3 objectives for process improvement

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Brad Power

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If your organization is confronted by a critical need to improve your operations, how do you focus your process improvement activities? Do you launch a program soliciting many local improvements, or do you focus resources in one area for more dramatic benefits and expand? Run everyone through training in how to improve work (e.g., Six Sigma, Lean)? Set up an organization for process or embed it in the existing organization? Invest in new systems?

The focus of your process improvement activities should depend on the needs for change in the business, and I see three possible objectives: (1) fine-tuning the "performance engine", (2) process innovation, and (3) making your organization "anti-fragile".

#1: Fine-tuning the Performance Engine

The "performance engine" is the ongoing operation of the business day-to-day. It delivers services to customers according to a formula that for large, successful organizations has been refined and streamlined for years. As long as there are no major threats or disruptions in the environment, the organization is looking for "better sameness": do the same work we’ve always done faster, cheaper, and better. Improvement can be achieved within the existing organizational structure, and changes are incremental. The territory is familiar and results can be predicted with fairly high confidence.

If fine-tuning a success model is what you need, then "Belts" can work with operating leaders to define projects within their responsibilities. Typical Six Sigma and Lean tools can be applied within the organizational structure to reduce costs, eliminate waste, and improve quality. GE historically provides the best example of this approach in action, with their Six Sigma belts fanning out and looking for cost reductions. ROI models work for predicting costs and benefits.

The biggest challenge to focusing process improvement on fine-tuning the performance engine is the competition for people and money with line managers. Given possible short-term thinking, many line managers often would rather "work harder, not smarter", for example, hiring a few more people to work around a broken process or system, rather than fixing it.

#2: Process Innovation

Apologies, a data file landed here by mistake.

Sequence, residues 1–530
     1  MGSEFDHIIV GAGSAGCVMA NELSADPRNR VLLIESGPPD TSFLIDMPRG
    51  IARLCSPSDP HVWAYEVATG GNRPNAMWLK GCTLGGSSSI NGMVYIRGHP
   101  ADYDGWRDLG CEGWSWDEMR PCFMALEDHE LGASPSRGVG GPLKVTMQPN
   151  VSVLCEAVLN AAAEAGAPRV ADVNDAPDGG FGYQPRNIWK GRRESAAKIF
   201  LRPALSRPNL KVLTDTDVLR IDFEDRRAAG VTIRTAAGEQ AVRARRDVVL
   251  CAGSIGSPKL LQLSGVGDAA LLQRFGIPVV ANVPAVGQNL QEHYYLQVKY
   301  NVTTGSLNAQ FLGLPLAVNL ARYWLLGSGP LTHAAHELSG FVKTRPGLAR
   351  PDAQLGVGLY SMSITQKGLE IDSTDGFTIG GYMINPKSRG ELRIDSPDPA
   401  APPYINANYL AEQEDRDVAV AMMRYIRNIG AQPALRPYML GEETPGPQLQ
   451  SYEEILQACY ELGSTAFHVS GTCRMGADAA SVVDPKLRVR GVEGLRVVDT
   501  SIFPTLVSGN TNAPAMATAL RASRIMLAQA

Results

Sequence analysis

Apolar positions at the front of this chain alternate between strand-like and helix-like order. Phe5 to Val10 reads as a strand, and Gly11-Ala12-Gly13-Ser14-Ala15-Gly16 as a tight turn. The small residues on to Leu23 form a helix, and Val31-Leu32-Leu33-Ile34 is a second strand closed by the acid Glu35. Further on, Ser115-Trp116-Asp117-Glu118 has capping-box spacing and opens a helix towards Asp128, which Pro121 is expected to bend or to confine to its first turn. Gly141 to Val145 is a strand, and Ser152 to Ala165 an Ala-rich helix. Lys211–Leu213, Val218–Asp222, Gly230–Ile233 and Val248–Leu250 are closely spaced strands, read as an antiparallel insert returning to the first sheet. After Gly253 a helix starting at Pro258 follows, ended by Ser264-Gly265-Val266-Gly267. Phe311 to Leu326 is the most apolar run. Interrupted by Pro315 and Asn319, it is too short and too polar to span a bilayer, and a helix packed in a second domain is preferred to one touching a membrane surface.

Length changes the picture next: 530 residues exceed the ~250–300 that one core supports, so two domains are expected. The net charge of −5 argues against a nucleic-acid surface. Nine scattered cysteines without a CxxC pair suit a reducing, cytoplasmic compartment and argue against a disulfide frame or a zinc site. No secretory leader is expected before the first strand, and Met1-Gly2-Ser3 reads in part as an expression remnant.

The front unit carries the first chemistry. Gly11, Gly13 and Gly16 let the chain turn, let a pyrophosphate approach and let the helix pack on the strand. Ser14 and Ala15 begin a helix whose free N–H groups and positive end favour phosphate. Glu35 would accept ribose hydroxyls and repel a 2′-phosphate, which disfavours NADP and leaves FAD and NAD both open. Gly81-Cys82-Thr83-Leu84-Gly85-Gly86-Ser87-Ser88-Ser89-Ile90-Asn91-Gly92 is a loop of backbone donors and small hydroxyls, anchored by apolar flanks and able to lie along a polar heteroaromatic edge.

Process innovation is the radical redesign of cross-functional, end-to-end processes. It is called for when performance for customers is not meeting competitive standards, and when functional optimization (fine-tuning the performance engine) is inadequate. "Better sameness" and incremental changes are insufficient; big change is needed. Moving into new territory, outcomes are unpredictable.

Process innovation can’t be achieved within the existing organizational structure of the performance engine or with typical projects. This is a transformation program, with the need for dedicated transformational leaders and governance systems. Business reengineering offers useful tools and approaches, such as "process owners" and an evolutionary experimental approach to redesign, labs, pilots, and rollouts. An example of process innovation is the move by companies to implement global standard enterprise systems and processes.

The biggest challenge to focusing process improvement activities on process innovation is making peace with the performance engine. People are comfortable in the success model of the organization, and imposing major changes will naturally meet with resistance. There is competition for resources, and the financial review systems will favor the predictable and short-term over the risky and long-term. Senior leaders need to approve funding and be actively involved over a number of years. The result is often episodic bursts of process innovation.

#3: Making Your Organization Anti-Fragile

As I wrote in a post for the Harvard Business Review, some systems, such as biological ones, gain from disorder. These "anti-fragile" systems love randomness and uncertainty; going beyond resilience or robustness, they get stronger with stress and volatility. Start-ups tend to be anti-fragile; large, successful organizations tend to be fragile. Focusing your process improvement activities on making your organization anti-fragile is called for if your organization’s major concerns are increasing disruption from threats and opportunities in the environment.

How can you make your organization anti-fragile? In my post I describe how developing capabilities in problem solving, as Toyota has done, provides one approach. Crises and major disruptions are not an abrupt departure from what anti-fragile organizations do continuously — solve problems. Rather than being controlled through rigid command structures, employees at all levels are trained every day to be quick problem-solvers. A disruption or crisis that might be crippling for some organizations is a challenge they already know how to handle. Another approach is to develop and invest in processes for sensing and responding to changes in the environment, particularly by listening to customers.

The challenge in making your organization anti-fragile is that a focus on building problem solving capabilities competes with the performance engine’s short-term focus on immediate results. Command-and-control management will almost always get results faster with less effort devoted to developing people. And in the competition for resources, the momentum of the performance engine will again be to "work harder, not smarter".

In summary, process improvement activities can drive very different kinds of results, so where you focus your efforts requires clarity on purpose. What does your organization need: fine-tuning, innovation, or anti-fragility?

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